Sales of vegan products booms with UK customers driving demand

Read Time:   |  4th November 2019

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The market for vegan products is soaring and its British consumers who are fuelling the rise. 

vegan market 2019

The past few years have seen veganism at the forefront with companies competing with each other to take advantage of the green pound by releasing vegan-friendly products.

But it’s Brits who are fuelling the rapid rise in vegan launches as companies in the UK hope to cash in on the growing demand for ethical products with the release of more vegan products than ever before.


Recent years have seen a sharp rise in Brits increasingly opting for meat-free and vegan products which has led to more vegan products being released in the UK than ever before.

In 2018, as many as one in six (16%) food products launched in the UK was vegan, doubling from just 8% in 2015, with the sector growing approximately 30 percent in the year to 740 million pounds.

According to research released by Mintel Global New Products Database (GNPD), in 2018, the UK was the nation with the highest number of new vegan food products launched, toppling Germany from its number one spot.

Germany has long been ahead of the game when it comes to plant-based eating, as 10% of the German population describe themselves as vegan or vegetarian.  According to a report released in 2016, 1 in 10 new products released in Germany features a vegan label.

vegan market 2019

Speaking to Thomson Reuters Foundation about the reasons behind the dramatic increase in new vegan food products hitting the shelves, Emma Clifford, associate director of food and drink at Mintel, explained that the rise was being driven by changes in consumers minds thanks to all of the exciting new products hitting the shelves.

“I don’t think anyone expected the vegan market to explode the way it has,” Clifford told the Thomson Reuters Foundation.

“We’re expecting the growth that we currently see in meat-free foods to carry on over the next five years … We think the trend has got a lot of longevity.”


Despite rapid increases in the sale of vegan foods, no data was available to measure the sales of other vegan products in the market such as shoes, accessories and beauty lines.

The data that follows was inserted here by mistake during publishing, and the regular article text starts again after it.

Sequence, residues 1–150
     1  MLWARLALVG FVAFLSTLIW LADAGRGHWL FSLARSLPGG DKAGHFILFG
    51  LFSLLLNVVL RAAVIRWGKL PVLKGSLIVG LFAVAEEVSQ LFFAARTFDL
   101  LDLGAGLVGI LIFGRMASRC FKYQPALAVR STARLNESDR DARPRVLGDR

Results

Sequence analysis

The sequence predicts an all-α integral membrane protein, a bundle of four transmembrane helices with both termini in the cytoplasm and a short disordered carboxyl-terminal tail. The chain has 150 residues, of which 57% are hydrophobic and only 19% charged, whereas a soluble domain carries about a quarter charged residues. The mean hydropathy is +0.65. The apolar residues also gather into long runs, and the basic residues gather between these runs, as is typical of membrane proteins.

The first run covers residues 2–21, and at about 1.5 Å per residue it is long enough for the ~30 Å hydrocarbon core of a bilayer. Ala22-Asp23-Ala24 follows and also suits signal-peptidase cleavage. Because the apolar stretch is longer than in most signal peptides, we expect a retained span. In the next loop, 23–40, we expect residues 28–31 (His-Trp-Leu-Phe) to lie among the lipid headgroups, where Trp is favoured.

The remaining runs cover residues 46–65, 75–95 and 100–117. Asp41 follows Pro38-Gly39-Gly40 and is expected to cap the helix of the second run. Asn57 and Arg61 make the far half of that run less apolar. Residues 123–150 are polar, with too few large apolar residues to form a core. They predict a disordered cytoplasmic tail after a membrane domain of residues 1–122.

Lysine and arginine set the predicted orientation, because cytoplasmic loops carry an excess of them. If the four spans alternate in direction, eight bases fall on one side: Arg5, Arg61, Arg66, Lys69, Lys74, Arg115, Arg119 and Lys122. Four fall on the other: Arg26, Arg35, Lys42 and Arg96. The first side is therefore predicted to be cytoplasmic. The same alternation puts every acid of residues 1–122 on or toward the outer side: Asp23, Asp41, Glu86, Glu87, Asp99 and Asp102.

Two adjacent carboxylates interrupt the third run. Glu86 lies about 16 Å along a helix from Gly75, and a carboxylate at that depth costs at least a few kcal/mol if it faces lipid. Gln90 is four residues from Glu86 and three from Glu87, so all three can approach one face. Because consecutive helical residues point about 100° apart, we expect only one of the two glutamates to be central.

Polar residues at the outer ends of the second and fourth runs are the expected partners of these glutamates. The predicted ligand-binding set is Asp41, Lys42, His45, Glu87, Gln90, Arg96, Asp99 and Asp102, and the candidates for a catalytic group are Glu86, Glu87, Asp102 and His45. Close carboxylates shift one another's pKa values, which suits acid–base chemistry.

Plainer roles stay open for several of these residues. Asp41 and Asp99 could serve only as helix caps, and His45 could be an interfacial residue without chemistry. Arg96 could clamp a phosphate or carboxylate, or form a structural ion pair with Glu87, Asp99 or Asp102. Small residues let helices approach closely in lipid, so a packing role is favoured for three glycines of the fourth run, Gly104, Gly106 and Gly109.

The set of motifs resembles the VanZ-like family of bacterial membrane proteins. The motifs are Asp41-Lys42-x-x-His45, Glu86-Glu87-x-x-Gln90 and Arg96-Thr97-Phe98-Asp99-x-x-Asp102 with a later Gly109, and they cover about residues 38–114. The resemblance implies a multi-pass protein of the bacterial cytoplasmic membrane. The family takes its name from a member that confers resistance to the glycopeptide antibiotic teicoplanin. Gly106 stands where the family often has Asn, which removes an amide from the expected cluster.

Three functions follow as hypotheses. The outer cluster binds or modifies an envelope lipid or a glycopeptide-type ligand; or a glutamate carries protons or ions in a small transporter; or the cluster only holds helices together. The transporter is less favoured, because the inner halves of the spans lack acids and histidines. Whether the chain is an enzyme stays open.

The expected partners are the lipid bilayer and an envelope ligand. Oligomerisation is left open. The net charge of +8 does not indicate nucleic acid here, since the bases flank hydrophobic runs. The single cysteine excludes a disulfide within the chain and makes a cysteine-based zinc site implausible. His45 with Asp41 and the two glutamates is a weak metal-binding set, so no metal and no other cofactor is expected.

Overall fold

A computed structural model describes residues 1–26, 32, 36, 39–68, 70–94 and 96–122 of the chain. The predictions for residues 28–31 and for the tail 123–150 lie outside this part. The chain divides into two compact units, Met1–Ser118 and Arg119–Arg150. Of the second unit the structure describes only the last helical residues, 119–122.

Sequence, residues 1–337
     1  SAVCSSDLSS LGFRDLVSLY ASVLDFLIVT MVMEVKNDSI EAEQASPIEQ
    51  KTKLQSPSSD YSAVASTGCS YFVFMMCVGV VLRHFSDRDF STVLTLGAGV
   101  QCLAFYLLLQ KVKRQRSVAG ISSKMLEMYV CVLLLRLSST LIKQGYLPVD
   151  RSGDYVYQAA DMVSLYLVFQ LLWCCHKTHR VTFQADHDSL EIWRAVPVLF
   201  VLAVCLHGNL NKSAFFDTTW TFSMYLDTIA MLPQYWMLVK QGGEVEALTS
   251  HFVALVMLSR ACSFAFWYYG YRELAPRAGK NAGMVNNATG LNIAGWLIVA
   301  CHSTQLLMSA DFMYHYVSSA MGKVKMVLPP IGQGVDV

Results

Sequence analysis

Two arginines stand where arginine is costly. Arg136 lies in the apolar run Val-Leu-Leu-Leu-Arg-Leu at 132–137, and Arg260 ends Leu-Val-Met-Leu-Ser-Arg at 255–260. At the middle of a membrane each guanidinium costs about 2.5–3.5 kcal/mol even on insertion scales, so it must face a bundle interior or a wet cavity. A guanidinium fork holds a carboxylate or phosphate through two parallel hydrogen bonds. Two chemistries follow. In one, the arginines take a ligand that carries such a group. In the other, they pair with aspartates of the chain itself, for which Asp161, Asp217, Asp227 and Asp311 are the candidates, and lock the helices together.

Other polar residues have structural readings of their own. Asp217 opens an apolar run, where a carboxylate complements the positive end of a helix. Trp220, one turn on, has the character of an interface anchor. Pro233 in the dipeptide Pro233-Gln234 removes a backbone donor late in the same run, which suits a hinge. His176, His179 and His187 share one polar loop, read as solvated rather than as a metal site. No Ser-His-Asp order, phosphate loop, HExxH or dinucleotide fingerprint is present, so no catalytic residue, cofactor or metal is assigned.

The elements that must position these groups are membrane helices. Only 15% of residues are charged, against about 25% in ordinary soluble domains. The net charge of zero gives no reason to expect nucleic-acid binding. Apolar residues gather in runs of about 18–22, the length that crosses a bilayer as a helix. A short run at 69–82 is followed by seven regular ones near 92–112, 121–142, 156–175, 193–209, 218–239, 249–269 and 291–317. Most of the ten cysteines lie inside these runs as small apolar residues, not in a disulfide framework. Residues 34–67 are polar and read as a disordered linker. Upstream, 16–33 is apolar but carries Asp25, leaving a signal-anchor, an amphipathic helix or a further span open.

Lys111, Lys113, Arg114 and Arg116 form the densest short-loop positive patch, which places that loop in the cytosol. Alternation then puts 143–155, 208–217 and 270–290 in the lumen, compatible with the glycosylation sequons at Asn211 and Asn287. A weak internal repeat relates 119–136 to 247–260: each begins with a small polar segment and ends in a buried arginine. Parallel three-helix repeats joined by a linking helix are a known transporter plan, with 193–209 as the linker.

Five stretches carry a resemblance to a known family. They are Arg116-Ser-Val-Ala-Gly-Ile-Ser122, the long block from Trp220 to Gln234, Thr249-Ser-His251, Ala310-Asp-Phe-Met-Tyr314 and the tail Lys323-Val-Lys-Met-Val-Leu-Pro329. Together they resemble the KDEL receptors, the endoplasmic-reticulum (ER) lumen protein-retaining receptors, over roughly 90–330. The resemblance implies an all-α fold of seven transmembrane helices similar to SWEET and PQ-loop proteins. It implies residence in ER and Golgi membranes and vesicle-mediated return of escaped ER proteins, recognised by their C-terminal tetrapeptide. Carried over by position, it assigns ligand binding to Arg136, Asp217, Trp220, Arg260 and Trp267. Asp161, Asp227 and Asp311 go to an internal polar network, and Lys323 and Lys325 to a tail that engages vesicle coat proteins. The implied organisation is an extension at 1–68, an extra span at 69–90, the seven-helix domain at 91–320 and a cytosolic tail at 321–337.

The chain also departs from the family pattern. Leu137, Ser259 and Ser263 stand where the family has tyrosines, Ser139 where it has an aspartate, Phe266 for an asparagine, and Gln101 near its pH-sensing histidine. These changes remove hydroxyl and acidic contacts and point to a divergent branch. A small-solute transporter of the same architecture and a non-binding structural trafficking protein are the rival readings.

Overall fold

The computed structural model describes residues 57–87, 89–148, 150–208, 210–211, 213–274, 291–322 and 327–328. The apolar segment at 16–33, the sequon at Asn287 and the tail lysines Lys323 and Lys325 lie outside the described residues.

It’s no secret that the world of vegan food products is going from strength to strength, but according to predictions from Mintel, the next year will see a marked rise in this sector thanks to releases from major retailers such as Marks & Spencer, Sainsbury’s, New Look and Topshop who all released dedicated vegan ranges in the past year.

vegan market 2019

Iconic British footwear brand Dr Martens has seen success this year following the launch of its first range of vegan shoes and accessories, with profits rising by 70% – a figure it attributes to rapid increases in sales of its vegan offerings.

Cosmetics are also on the rise thanks to the likes of Primark, Superdrug and Sainsbury’s releasing fully-vegan and cruelty-free beauty ranges.

In 2019, the first Vegan Fashion Week ran in Los Angeles in February whilst the UK’s first and only vegan catwalk show, Bare Fashion, was back for a second year running.

The future

The growth of veganism is not limited to the UK however, as demand is growing globally.

Companies such as California-based plant-based meat alternative company Beyond Meat have seen sales double in 2019 across the globe with expected revenues of $210 million predicted by the end of the year.

In fact, investment management firm Bernstein reports that sales of plant-based meat alternatives now account for 5% of all US meat purchases, which is forcing major agricultural firms to invest in the sector in order to keep up.

vegan market 2019

Large corporations such as KFC, Subway, Pizza Hut and McDonald’s have also trialed vegan options in the US and Europe in a bid to tap into the rapidly expanding market.

Speaking about the reasons behind the shift in consumer preferences, Zak Weston, food service analyst at U.S.-based non-profit, The Good Food Institute explained: “Consumers are starting to realise that the kind of dirty supply chain of industrialised animal agriculture isn’t something they want to support.

“As more and more consumers realise that, they’re starting to make choices … which reflect that new-found motivation to do good in the world.”

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